A Classic Horror Short Story

Author: Clive Barker

The Midnight Meat Train is my first encounter with Cliver Barker in book (ok, short story) format. It was chosen as the monthly read by one of my horror book clubs, and focuses on a famous story (The Midnight Meat Train) written by Baker in 1984 and included in his Books of Blood collection. This story garnered quite a following, and many tried to repeat its gory glory and bring it to the big screen. That finally happened, with Barker fully onboard and participating. As such, the special edition of this book includes the original short story (with drawings) and juxtaposes it with the screenplay, giving a behind-the-scenes look at how the story was adapted for the big screen.

The story itself is just as inherently gruesome as it is simple. A man, Leon Kaufman, accidentally discovers the answer to a series of bizarre subway train murders. His obsession with the killer and his desire for answers leads him on a truly wild ride where a grizzly history is unraveled and a calling discovered. The story is powerful, transitioning between the view of the killer and the view of Leon. It’s something that paints itself vividly into the corners of the mind – rushing midnight trains, tired commuters, compartments filled with blood, skinned bodies dangling from hooks – all rushing into some unknown place in the night. It’s spooky and will totally ruin any midnight metro runs you’re planning.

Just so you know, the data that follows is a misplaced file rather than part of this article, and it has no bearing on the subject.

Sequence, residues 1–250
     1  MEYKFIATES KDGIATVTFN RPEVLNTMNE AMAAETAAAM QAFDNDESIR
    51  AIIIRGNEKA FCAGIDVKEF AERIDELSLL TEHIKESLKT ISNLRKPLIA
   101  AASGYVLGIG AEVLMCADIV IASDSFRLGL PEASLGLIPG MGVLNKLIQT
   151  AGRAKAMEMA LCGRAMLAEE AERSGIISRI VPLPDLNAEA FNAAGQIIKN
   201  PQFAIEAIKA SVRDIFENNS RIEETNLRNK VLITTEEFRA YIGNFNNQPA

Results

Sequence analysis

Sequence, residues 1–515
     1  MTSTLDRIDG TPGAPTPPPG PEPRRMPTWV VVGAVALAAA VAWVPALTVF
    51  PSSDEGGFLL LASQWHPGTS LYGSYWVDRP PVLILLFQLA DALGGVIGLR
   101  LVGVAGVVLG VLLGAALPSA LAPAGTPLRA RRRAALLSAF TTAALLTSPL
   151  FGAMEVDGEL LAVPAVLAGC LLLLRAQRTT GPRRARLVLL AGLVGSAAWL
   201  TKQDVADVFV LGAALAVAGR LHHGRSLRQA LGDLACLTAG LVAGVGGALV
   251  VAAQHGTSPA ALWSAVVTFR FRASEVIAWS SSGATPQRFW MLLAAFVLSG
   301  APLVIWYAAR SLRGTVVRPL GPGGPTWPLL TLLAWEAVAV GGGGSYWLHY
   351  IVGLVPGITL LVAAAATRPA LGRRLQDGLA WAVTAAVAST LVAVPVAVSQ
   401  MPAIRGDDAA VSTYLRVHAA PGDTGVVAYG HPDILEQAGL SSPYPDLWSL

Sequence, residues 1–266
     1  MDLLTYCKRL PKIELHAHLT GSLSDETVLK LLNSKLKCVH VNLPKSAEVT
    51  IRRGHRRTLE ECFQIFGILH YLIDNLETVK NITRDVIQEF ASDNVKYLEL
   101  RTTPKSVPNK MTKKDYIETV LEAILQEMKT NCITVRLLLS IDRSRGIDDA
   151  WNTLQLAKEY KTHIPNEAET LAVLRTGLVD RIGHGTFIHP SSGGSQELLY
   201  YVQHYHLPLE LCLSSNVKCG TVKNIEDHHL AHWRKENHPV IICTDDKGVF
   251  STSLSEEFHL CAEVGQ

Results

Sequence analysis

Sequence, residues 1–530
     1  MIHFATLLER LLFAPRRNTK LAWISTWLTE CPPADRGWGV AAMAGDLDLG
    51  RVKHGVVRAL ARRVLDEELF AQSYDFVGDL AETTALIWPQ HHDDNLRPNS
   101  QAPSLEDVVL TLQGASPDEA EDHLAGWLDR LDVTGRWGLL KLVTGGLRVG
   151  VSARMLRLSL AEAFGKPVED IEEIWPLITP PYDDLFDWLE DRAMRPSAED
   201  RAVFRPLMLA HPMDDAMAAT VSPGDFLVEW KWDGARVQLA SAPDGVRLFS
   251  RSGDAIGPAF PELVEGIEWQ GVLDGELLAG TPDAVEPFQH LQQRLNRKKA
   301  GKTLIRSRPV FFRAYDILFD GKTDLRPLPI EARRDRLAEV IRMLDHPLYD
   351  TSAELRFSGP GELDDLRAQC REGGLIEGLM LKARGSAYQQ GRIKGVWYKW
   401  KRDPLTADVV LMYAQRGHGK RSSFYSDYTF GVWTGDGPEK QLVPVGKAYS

The screenplay is less engaging, more Hollywood-ised with a romance thrown into the forefront and a strange ending that tries to make everything more horrible and sadder but fails to re-create the resonance of the revelation from the initial tale. It’s interesting, however, from an artistic side to see how the written word must be changed to become a visual drama and how that impacts characterization and set-up. One note – part of the promised screen play is missing (seems like about a page) at a pivotal scene.

Image by Vicki Hamilton from Pixabay

Personally, I’ve never seen the movie, and while this was an interesting book club read, and taught me a bit more about the craft of writing (something great for someone who occasionally bangs out a novel or short story and once played around with a screen play), I doubt I’ll ever seek out the movie. The screenplay . . . it’s not bad, but it’s not calling to me either.

All in all, this book seems like something geared towards fans of Barker and of the movie, especially those who recall reading the original Books of Blood and watching this new author grow and evolve into the king of horror that he has become. For the rest of us, outside the fandom or only newly reading Barker, it’s a bit anticlimactic. What’s the fuss, we say. It’s good, but not let’s-dedicate-an-entire-book-to-it-great. This is a niche read, for sure. Before you dive in (unless, of course, your book club makes you), I think it’s worth reading the actual Books of Blood or other, more complete works by Barker before going deep into the fan-service works.

– Frances Carden

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Frances Carden
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